Attorneys defending a former Merrill Lynch trader against wire fraud and other financial-crime allegations filed a motion Tuesday demanding that the government turn over evidence related to a Justice Department whistleblower’s recent allegation that DOJ fraud prosecutors routinely circumvent statutes of limitation by abusing the trust of federal judges.
The motion, filed by attorneys at the Chicago-based law firm Kobre & Kim and obtained by National Review, demands all “evidence of prosecutorial misconduct” exposed by former DOJ attorney Ankush Khardori, who resigned on January 31 after sending a memo to the DOJ Inspector General’s Office that cites the trader’s case as one in which these abuses occurred.
In the whistleblower memo, which was obtained by National Review, Khardori alleged that, in cases that would otherwise be curtailed by statutes of limitation, the DOJ’s fraud prosecutors are encouraged by their superiors to buy more time by filing unnecessary Mutual Legal Assistance Treaty (MLAT) requests. The requests are dispatched to foreign governments in order to compel the release of evidence that is relevant to the prosecution of a criminal case and can take months or years to elicit a response. They are typically regarded by judges as a sufficient reason to extend statutes of limitation.
The motion comes after prosecutors refused to turn over the MLAT request and the emails described in Khardori’s memo after the memo was first reported by the Wall Street Journal earlier this month. A DOJ spokeswoman declined to comment when asked why the government has refused to turn over the requested documents.
In the memo, Khardori specifically cites the prosecution of the previously mentioned Merrill Lynch trader — who were indicted for a price-manipulation tactic known as “spoofing” — as one of two cases in which he personally witnessed evidence of MLAT abuse.
The newly filed motion includes additional evidence that the underlying MLAT request was pretextual, which comes atop the emails and statements by top officials described in the memo. A previous round of discovery revealed that prosecutors in the “spoofing” case had already received “tens of thousands” of documents from U.K. banks before the MLAT request was filed. According to the motion, “there is no indication that the UK itself produced any documents in response to the 2016 MLAT request.”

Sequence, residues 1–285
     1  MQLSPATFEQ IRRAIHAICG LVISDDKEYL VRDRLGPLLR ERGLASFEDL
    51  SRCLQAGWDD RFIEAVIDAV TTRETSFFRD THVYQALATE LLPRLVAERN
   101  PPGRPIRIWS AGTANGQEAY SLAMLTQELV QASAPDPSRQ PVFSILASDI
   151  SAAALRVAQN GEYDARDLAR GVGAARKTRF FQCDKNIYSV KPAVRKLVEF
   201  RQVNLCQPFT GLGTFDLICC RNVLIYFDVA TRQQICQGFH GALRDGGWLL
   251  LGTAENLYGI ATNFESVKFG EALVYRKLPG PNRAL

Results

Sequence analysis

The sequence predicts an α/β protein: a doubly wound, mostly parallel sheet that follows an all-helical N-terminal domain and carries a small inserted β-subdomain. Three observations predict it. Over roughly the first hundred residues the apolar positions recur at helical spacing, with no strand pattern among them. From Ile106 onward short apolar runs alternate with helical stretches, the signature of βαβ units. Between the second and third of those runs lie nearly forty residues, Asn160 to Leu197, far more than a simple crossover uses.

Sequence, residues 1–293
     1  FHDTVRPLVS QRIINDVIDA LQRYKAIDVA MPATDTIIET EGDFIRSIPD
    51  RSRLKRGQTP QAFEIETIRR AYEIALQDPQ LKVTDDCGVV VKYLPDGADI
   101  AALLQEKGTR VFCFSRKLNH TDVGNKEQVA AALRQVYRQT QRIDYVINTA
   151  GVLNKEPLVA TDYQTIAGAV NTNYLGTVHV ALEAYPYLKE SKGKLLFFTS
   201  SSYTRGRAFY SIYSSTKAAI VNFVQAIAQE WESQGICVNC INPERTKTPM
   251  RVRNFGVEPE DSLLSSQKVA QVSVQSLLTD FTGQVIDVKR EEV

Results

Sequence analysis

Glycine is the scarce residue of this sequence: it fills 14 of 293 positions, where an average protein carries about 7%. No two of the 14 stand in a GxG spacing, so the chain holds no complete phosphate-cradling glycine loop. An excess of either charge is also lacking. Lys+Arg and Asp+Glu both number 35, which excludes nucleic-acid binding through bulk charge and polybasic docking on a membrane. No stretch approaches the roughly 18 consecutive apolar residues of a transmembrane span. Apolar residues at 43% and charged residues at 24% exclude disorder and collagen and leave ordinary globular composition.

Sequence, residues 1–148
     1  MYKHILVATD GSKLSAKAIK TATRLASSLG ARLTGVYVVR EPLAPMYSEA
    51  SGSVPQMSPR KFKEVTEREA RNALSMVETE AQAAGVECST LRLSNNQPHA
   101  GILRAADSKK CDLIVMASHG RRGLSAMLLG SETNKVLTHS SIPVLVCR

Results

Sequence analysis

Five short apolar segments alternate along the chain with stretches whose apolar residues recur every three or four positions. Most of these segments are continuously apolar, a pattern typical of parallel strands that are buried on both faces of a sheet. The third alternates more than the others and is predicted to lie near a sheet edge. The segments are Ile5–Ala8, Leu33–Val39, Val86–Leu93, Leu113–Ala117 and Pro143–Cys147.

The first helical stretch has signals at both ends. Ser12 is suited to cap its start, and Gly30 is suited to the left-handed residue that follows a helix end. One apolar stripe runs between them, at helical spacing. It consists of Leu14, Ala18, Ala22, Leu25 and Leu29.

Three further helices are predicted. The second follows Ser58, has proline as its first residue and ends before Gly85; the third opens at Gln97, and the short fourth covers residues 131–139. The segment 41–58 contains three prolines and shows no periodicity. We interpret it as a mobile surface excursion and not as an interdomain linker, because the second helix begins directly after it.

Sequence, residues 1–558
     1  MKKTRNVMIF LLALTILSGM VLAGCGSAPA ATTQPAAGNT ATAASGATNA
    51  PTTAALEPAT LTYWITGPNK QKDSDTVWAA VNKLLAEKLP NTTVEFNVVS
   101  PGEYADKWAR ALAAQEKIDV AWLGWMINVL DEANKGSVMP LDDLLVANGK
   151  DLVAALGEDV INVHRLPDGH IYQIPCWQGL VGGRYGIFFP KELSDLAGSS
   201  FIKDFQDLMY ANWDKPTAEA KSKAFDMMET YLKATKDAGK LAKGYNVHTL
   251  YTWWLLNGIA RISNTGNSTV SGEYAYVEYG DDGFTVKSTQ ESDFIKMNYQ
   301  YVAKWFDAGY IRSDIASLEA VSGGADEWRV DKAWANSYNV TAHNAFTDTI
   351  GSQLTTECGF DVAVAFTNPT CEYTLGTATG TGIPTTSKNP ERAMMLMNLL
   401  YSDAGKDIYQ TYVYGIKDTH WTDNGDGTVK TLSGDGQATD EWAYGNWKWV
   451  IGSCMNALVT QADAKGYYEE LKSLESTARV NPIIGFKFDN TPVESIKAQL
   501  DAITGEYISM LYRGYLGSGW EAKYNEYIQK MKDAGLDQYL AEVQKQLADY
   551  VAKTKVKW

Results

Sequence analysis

After news of Khardori’s DOJ IG memo was broken by the Wall Street Journal, the Merrill Lynch trader’s attorneys demanded that the government produce the relevant MLAT request. The government refused, claiming the request was irrelevant since they were no longer relying on the MLAT. (Once Khardori sounded the alarm about the pretextual nature of the MLAT request, government prosecutors abandoned it as a justification for exceeding the statute of limitations and instead introduced a new charge: wire fraud, which carries a more expansive ten-year statute of limitations.)
“When push comes to shove, rather than provide a rationale, [the DOJ] came back with a one-line email that says we don’t believe you’re entitled to any discovery,” attorney David McGill, who represents the trader, told National Review.
McGill said that the new wire–fraud charge was based on a novel theory, although it has been upheld by the courts thus far. “It’s a purely metaphysical theory, because orders are just expressions of quantity, price, and direction. The government is saying that the order becomes a false statement based on what the trader is feeling in the privacy of his heart,” McGill said. “So, if the trader secretly wants to cancel the order before it’s executed, that somehow transforms a numerical expression of quantity and price into a false statement.”
While prosecutors pivoted to the wire-fraud charge once reliance on the MLAT became untenable, McGill claims their initial reliance on the MLAT caused harm to the defendants — despite the fact that prosecutors are no longer relying on it.
According to the attorneys, the harm done to the defendants by the initial MLAT request was two-fold: it caused a decisive witness to cooperate because he feared prosecution, when the underlying conduct should have been protected by the statute of limitation, and it extended the case to such an extent that the underlying trading data, which the attorneys claim would be exculpatory, became irretrievable. Legal experts say the lost trading data illustrates the importance of statutes of limitation in shielding defendants from frivolous prosecution, particularly in the case of financial crimes.
In addition to the MLAT request itself and the resulting “tolling order” issued by a judge extending the statute of limitations, McGill and his team are requesting the internal emails and other documents described in Khardori’s memo to the IG’s office.
Should a judge intervene, as McGill and his colleagues expect, the DOJ will be forced to turn over what Khardori and McGill believe to be evidence of wide-ranging abuse implicating the federal government’s top anti-fraud officials. The alleged abuse mirrors the misconduct exposed by DOJ IG Michael Horowitz’s report on the FISA abuses committed by the FBI’s Crossfire Hurricane team. In both cases, prosecutors exploited their information advantage relative to judges to impede on a defendants’ civil liberties.
While McGill’s primary concern is to address the harms allegedly done to his clients, he argues the court should be interested in investigating the underlying conduct to preserve the public’s trust in the government more broadly.
“If the fraud police are engaging in a fraud on the court in order to investigate other people for fraud, that’s a real problem,” he said.
Published at Mon, 02 Mar 2020 11:26:00 +0000